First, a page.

Why use milk dispensers, cartons are recyclable, right?

There's more and more talk of school cafeterias providing milk from dispensers. Kids fill washable, reusable cups rather than drinking milk from a carton. So no more cartons, but – cartons are recyclable, right? Recycling is just as good as reusing, isn't it? 

Not really and here's why.

It's true that cartons are recyclable in Clark County. The problem with recycling the cartons used in schools is that they are so small that they don't all make it through to the sort line to be sorted into their own pile for recycling. They slip through the sorting screens and end up on the garbage floor; then they go to the landfill. Bigger cartons, like those that we use at home do make it to the sort line, so they are easier to recycle.

Let's also think about the recycling process, because lots of times we think that recycling is just as good as reusing. When you reuse something, you can use it over and over again and the only energy it takes is the energy to wash it. Recycling uses a whole lot of energy. It needs people power, gasoline for recycle trucks and electricity to run the machines.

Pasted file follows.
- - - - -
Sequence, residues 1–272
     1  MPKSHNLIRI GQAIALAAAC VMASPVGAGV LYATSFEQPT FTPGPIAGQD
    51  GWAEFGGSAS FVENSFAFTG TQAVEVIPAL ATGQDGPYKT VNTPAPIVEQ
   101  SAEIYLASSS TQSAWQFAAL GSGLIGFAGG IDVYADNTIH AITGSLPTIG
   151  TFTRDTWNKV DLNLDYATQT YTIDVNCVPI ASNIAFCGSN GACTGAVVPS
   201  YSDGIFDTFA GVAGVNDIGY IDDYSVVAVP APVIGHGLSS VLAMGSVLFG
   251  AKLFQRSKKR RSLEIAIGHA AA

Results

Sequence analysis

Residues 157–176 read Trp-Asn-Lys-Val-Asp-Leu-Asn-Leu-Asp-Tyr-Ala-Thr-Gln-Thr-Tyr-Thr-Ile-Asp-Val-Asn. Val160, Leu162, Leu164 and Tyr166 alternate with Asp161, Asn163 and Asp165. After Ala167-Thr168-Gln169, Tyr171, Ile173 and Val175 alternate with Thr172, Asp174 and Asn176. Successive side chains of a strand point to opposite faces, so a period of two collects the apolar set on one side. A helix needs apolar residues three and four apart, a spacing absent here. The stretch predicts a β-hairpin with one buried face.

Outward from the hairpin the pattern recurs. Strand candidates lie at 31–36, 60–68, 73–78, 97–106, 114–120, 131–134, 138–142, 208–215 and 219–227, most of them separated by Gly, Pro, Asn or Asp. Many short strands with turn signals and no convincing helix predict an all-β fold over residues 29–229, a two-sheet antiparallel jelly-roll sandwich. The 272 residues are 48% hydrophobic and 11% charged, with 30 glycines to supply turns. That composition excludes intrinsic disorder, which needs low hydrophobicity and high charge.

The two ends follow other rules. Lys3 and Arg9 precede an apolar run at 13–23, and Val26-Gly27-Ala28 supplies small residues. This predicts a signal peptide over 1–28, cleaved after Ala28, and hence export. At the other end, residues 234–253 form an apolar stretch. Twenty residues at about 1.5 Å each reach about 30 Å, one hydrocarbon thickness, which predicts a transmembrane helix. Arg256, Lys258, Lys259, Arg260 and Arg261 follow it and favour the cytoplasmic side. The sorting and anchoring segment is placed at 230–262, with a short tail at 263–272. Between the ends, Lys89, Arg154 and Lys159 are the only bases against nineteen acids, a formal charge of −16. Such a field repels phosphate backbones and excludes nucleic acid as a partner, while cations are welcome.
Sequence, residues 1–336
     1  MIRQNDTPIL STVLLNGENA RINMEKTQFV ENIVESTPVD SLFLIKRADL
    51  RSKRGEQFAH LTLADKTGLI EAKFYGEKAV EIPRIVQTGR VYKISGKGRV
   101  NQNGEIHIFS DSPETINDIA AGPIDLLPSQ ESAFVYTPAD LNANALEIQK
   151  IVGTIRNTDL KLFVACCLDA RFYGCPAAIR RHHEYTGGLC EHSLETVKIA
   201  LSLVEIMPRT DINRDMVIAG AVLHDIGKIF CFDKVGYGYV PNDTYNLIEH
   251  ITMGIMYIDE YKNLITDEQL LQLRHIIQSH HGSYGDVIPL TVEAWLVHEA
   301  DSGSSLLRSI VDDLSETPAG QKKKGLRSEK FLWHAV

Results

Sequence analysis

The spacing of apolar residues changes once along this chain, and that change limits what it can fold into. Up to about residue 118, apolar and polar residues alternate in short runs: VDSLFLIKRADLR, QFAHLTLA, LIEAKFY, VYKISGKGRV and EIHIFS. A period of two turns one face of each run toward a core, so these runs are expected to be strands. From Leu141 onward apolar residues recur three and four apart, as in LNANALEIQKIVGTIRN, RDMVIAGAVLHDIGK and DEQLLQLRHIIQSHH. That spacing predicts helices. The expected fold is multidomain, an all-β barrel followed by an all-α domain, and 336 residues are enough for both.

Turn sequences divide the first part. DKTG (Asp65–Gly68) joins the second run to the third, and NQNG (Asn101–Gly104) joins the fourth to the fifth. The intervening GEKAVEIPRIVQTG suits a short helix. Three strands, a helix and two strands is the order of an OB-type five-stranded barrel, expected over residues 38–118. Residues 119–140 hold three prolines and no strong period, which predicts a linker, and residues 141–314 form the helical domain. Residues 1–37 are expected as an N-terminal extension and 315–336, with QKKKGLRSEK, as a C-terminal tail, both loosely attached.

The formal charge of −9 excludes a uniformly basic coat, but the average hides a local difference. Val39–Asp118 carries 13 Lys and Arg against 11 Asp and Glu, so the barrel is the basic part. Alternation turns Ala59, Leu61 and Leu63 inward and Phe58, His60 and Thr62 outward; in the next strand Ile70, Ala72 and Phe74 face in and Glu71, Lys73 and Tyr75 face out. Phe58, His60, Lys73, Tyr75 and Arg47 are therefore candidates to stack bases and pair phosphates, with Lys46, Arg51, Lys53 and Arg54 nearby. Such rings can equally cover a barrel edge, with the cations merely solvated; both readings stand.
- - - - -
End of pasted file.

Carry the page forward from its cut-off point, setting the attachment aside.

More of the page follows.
Think of the energy used. Check out the slideshow below...

And that's what it takes just to dispose of the cartons. Think back to when the carton was first manufactured. We need to consider all of the resources (trees, oil and more), people power and energy used to run the machines that produce these cartons in the first place.

We use a milk carton only once, just for a few minutes, and then it becomes waste. Wouldn't it be better to drink milk from something you can use over and over again? In long-term sustainability planning, reusable items may well be the way to go, as it vastly reduces waste generated versus disposable, recyclable items. 

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